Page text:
The Impact of COVID-19

While the research for the report was conducted prior to the coronavirus pandemic, COVID-19 has without a doubt exacerbated existing security issues with people working from home on a global scale, creating a significant opportunity for cyber criminals. They are exploiting employees’ ignorance of cyber security best practices and the reduced level of protection many users have at home. Employees working from home or in new remote locations may use less secure passwords or be more likely to reply to a phishing email than they would when they were in the office, granting hackers easier access to their information.

COVID-19 has created new, lucrative opportunities for cyber criminals, and businesses must evolve their cyber strategies to remain shielded. While businesses may not be in a position to increase spending now with COVID-19, the report shows that more businesses are taking cyber risks seriously and businesses cannot afford to lose momentum on incorporating these changes.

A 3-Step Approach to Protect Your Business

Implementing a three-step approach to become and continue to be cyber ready is critical to a business’s ultimate success.

  1. Prevent attacks on your business with adequate security measures and education. Training staff on how to protect the information your business stores and uses effectively to create a “human firewall” that guards your system from intrusion. This should be your first line of defense against hackers.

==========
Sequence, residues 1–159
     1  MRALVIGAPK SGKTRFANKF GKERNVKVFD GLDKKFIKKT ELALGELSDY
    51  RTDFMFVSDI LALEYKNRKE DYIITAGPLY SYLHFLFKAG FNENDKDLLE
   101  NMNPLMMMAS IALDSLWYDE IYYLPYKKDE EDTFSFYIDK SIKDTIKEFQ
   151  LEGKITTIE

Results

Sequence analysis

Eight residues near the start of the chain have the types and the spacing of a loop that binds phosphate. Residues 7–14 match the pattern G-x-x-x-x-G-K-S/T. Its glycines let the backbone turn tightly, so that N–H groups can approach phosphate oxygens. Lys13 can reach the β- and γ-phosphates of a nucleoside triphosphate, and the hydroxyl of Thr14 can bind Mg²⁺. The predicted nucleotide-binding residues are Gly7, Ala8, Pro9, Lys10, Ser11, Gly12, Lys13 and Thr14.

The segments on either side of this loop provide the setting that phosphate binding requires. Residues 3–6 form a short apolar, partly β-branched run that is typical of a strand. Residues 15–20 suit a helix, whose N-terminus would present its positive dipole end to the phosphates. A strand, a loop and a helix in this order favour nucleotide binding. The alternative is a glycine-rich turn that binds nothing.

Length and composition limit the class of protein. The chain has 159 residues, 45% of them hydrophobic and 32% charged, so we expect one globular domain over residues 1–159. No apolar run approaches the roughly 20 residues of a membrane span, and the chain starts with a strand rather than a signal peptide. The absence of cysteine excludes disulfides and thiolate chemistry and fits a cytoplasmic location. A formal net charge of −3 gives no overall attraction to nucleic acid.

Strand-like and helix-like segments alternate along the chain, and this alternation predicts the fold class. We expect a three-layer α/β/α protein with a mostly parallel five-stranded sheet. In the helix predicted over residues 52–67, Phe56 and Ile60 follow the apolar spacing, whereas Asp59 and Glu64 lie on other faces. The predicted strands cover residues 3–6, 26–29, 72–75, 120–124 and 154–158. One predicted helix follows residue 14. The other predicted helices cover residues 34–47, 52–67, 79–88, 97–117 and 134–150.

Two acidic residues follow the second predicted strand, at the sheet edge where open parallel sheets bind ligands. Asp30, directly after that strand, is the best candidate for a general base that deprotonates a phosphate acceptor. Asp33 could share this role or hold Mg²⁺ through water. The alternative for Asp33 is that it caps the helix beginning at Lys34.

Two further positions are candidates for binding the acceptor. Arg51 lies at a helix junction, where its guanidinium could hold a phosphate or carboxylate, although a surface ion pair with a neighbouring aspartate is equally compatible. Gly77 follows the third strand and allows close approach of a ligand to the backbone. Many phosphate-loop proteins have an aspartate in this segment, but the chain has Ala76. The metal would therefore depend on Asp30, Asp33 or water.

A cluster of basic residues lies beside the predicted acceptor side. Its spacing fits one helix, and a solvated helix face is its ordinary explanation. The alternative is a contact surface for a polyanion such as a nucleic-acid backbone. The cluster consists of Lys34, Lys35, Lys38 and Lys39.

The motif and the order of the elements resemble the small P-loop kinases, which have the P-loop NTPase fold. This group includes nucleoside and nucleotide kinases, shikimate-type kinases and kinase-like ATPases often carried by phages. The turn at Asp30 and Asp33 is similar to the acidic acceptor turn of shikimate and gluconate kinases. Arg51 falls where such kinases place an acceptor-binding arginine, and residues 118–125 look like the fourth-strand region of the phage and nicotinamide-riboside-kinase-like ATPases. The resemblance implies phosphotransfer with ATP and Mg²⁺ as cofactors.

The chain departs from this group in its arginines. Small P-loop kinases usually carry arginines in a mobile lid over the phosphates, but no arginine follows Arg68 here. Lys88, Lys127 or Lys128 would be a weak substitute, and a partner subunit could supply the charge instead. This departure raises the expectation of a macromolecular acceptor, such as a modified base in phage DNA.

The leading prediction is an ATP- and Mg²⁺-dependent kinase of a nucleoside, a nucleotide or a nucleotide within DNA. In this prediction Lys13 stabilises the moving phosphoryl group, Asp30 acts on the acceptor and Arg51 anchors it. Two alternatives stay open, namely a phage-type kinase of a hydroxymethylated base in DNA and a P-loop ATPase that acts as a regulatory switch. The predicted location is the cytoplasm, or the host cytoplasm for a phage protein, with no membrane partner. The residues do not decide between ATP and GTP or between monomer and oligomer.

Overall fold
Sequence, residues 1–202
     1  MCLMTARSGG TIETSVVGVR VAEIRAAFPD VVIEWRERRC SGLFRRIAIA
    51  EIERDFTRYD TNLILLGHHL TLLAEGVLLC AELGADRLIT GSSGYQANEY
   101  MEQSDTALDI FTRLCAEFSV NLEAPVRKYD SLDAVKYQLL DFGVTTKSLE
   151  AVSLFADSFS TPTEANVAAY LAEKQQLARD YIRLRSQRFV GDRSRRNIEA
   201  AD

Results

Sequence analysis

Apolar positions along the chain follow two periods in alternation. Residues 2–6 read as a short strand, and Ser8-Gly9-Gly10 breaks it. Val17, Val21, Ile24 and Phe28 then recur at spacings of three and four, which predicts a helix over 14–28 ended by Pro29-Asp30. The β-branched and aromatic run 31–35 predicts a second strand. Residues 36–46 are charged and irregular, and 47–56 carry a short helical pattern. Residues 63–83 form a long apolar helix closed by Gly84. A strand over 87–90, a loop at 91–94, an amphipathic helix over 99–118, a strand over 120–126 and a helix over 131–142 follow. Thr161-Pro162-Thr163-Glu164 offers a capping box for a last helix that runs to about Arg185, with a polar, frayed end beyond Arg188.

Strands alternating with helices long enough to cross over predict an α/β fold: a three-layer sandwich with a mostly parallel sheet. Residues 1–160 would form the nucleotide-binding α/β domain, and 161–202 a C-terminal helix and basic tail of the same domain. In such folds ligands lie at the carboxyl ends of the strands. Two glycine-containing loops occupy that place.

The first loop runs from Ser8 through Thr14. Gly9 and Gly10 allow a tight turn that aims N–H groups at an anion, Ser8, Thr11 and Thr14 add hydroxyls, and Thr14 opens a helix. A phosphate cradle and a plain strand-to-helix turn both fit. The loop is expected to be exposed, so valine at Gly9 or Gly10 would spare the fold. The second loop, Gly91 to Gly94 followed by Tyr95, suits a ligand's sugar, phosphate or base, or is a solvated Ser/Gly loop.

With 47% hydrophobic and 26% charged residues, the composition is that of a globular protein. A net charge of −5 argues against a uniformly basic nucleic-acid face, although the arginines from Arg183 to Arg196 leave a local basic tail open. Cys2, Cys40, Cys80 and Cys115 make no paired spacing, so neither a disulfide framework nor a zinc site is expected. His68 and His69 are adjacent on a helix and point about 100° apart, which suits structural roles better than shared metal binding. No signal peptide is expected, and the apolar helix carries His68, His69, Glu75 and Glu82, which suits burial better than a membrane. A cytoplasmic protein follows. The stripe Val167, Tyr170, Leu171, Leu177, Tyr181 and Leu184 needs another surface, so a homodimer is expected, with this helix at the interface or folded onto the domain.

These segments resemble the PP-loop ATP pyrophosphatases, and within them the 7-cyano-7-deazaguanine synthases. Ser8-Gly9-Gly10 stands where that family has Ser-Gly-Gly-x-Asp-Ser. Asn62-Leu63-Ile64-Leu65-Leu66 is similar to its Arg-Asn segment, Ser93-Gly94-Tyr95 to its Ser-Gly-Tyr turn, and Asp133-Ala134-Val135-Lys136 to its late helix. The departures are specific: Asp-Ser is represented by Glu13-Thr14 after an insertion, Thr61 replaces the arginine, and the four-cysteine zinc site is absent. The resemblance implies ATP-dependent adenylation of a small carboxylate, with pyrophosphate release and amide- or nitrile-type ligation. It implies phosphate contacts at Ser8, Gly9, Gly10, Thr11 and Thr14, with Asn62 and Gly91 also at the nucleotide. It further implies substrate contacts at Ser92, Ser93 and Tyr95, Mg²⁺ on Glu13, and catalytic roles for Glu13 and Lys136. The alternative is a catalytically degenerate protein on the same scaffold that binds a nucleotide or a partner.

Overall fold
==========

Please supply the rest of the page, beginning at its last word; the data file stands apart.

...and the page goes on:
2. Detect an attack quickly by maintaining a comprehensive security protocol and response plan. Teaching staff how to spot a phishing email, requiring two-factor authentication and utilizing strong passwords can go a long way towards keeping your sensitive information safe.
  3. Mitigate the financial impact of an attack with a stand-alone cyber insurance policy or a cyber endorsement on your commercial policy. Cyber insurance can cover the costs associated with recovering data and notifying impacted parties.

Businesses have been pushed into an unforgiving new world in 2020. Cyber criminals won’t concede or offer any form of relief, further underscoring the importance of integrating cyber into a business’s risk management strategy.

The contents of this article do not offer legal, business or insurance advice related to the needs of any specific individual business.

About Meghan Hannes

Meghan Hannes serves as a Cyber Product Head for Hiscox U.S., a business segment of Hiscox Ltd., a Bermuda-incorporated insurance provider. Since joining Hiscox in 2018, Hannes’ responsibilities have included setting and executing the strategic direction of the cyber liability line of business. Prior to Hiscox, she held various senior level underwriting positions at AXIS Insurance and The Hartford, Chubb Group of Insurance Cos. She also served as director of Underwriting at start-up insurer CloudInsure.